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“Love Fire” reminded me of the madcap, internally consistent but crazy world of playwright Richard Foreman, with movement substituting for the wordplay. Because Foreman isn’t for everyone, neither is Godder’s “Love Fire,” brought to us courtesy of White Bird, even though dancer Matan Zamir is incredibly engaging — oh, the earnestness with which he digs out those internal organs! — and Yodder herself, bold as she can be, is willing to go to great lengths for a laugh. And you have to hand it to a dance in which one dancer dons the goat-like carcass on his head and the other rides it like Debra Winger in “Urban Cowboy”—and it also makes sense in its own weird way.

All of this plays out to a series of waltzes, both exuberant and melancholy, even a bit from Schoenberg’s Pierrot Lunaire, Op. 21, which someone makes it even more absurd, this rush of activity. What does it all “signify,” exactly? I have no idea, though I viewed it as exemplifying how we get caught up in crazy situations, despite knowing how crazy it all is. At one point in his beginning solo, Zamir was in the thrall of “The Blue Danube,” the timing of his spasms matching Strauss’s 3/4 time, and he looked out at us with an expression that said, “Hey, this is the carnival ride I’m on, what can I do about it.”

Although I found parts of the show hilarious, I noticed that sometimes I was laughing alone, oops, and even I didn’t get the foggy visitation at the end by Yochai Matos and his play with fluorescent lights. But maybe you will! Here’s a video from a different Godder piece.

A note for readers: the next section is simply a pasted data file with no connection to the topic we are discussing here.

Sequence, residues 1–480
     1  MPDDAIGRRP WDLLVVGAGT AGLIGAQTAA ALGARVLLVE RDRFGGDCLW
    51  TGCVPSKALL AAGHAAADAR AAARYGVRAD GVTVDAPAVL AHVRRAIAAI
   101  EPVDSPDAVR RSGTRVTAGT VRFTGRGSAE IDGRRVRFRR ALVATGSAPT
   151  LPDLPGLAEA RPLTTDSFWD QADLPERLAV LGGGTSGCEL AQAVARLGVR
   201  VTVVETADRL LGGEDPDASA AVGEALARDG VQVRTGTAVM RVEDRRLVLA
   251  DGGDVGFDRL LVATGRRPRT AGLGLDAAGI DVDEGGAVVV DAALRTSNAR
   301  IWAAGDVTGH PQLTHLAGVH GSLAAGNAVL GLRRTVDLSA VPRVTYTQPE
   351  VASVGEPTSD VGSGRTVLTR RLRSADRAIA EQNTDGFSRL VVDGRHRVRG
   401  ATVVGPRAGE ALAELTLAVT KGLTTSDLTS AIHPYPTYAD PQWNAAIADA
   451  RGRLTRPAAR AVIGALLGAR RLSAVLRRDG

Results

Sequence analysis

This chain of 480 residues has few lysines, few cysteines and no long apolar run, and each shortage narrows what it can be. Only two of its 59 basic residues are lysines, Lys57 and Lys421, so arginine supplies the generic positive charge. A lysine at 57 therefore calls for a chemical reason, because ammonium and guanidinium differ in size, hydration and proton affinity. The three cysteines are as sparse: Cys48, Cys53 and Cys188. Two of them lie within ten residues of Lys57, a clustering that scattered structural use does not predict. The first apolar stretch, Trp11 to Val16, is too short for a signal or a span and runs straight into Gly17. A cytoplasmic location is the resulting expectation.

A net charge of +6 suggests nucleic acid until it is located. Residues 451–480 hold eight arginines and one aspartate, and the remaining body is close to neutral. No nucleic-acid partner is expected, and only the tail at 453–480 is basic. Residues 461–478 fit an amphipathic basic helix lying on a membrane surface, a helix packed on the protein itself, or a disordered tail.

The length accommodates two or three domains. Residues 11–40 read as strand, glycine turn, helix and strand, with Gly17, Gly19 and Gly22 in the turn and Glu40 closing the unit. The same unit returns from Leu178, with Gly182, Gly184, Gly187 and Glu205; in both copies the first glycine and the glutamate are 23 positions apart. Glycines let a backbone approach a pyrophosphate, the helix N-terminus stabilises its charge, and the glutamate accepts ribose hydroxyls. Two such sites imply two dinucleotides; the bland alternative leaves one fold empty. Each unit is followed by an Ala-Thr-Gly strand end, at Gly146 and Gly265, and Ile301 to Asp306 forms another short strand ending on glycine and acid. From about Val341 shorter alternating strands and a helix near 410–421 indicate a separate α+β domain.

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Which gets me to Adrienne Rich, who died earlier this week at the age of 82. I was invited to appear on the Culture Club segment of Think Out Loud, and I was asked to come up with topics for consideration, and Rich was one that I suggested, given her cultural importance, especially to the early days of feminism in America, not because I’m an expert on her or anything. I was asked to find a Rich poem to read on the show, and I found Translations, which appeared in the The Nation, and which I hope they won’t mind if I use. The segment was dominated by discussion of Trayvon Martin and the prospects of health care reform in the Supreme Court. I contended that both were at heart a matter of uneven distributions — of justice in the case of Martin and of health care in the case before the Supreme Court. Others opposed that position. So be it.

Anyway, we didn’t have time for that poem. It’s from 1972. In fact, it’s subtitle is December 25, 1972. And the more I read it, the more I like it. Maybe you will, too?

Adrienne Rich/ Courtesy Poetry Foundation

Translations

December 25, 1972

Adrienne Rich

You show me the poems of some woman
my age, or younger
translated from your language

Certain words occur: enemy, oven, sorrow
enough to let me know
she’s a woman of my time

obsessed

with Love, our subject:
we’ve trained it like ivy to our walls
baked it like bread in our ovens
worn it like lead on our ankles
watched it through binoculars as if
it were a helicopter
bringing food to our famine
or the satellite
of a hostile power

I begin to see that woman
doing things: stirring rice
ironing a skirt
typing a manuscript till dawn

trying to make a call
from a phonebook

the phone rings unanswered
in a man’s bedroom
she hears him telling someone else
never mind. she’ll get tired
hears him telling her story to her sister

who becomes her enemy
and will in her own time
light her own way to sorrow

ignorant of the fact this way of grief
is shared, unnecessary
and political